During your stay, you will be asked to confirm your name and other details several times. This starts when you arrive at reception and continues when you are transferred to the procedure room or operating theatre. Your specialist, anaesthetist and nurses will also take a short ‘time out’ to complete a final check immediately before your procedure begins.
Our staff will use the information you supply in the Patient Health Questionnaire to understand your health status and plan for your care.
During your treatment, some commonly used medications may not have been submitted for Medsafe NZ’s approval; these are called Section 29 Medications. Your specialist will discuss the use of these medications with you if they are required. Where your specialist prescribes a Section 29 Medication for your care, we are required to provide Medsafe with your name and your prescriber’s name.
Your privacy is important to us. Any information and personal data gathered for the purpose of your visit to Southern Cross Central Lakes Hospital is to assist in your treatment, for quality assurance activities, and to fulfil legislative requirements. Your rights provided in the Health Information Code and Privacy Act 2020 will be respected, including your right to access and correct any information held about you. You can review our full privacy statement and if you have any concerns, please contact the hospital General Manager.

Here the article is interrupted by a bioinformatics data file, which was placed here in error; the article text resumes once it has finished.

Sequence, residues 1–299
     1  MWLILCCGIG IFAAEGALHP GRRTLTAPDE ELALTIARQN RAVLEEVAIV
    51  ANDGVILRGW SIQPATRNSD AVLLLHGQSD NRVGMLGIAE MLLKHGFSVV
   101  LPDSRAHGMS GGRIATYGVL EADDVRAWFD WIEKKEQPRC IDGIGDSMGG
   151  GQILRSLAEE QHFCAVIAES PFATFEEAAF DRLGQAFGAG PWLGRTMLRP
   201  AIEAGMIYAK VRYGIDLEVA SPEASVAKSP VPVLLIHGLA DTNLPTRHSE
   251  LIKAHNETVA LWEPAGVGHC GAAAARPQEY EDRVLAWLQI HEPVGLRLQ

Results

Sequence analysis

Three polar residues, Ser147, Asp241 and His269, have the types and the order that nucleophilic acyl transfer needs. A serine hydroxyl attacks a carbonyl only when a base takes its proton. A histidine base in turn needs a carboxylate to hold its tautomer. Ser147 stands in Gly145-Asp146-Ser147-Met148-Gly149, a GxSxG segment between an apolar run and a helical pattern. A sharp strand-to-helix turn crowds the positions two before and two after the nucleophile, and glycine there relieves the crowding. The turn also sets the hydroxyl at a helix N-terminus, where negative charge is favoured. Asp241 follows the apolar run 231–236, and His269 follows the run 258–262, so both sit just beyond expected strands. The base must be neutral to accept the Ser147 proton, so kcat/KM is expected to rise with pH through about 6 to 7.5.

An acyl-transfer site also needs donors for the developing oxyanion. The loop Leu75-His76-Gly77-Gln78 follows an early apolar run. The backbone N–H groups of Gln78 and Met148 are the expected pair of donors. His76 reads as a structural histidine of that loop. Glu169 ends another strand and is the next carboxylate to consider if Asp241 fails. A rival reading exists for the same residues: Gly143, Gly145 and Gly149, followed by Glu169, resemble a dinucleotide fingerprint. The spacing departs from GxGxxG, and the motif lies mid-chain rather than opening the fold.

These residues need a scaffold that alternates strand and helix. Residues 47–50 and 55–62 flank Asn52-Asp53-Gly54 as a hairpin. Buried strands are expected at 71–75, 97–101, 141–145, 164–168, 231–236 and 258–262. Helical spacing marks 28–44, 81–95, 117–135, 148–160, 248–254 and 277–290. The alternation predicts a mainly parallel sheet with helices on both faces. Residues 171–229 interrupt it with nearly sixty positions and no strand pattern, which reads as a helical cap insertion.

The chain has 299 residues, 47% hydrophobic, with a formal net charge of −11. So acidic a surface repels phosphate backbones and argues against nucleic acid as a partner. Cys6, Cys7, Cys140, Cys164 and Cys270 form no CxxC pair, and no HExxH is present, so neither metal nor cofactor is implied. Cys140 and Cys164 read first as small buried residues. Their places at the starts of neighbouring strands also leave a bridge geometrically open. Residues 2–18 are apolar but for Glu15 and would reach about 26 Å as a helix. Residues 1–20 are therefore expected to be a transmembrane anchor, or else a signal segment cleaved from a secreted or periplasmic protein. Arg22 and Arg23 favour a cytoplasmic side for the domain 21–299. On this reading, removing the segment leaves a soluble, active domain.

To ensure a physically safe environment for patients and health practitioners, we have eliminated all possible manual lifting by using mechanical aids as well as safe positioning and holding methods.
Southern Cross Central Lakes Hospital is committed to delivering your care in accordance with the Code of the Health and Disability Services Consumers’ Rights.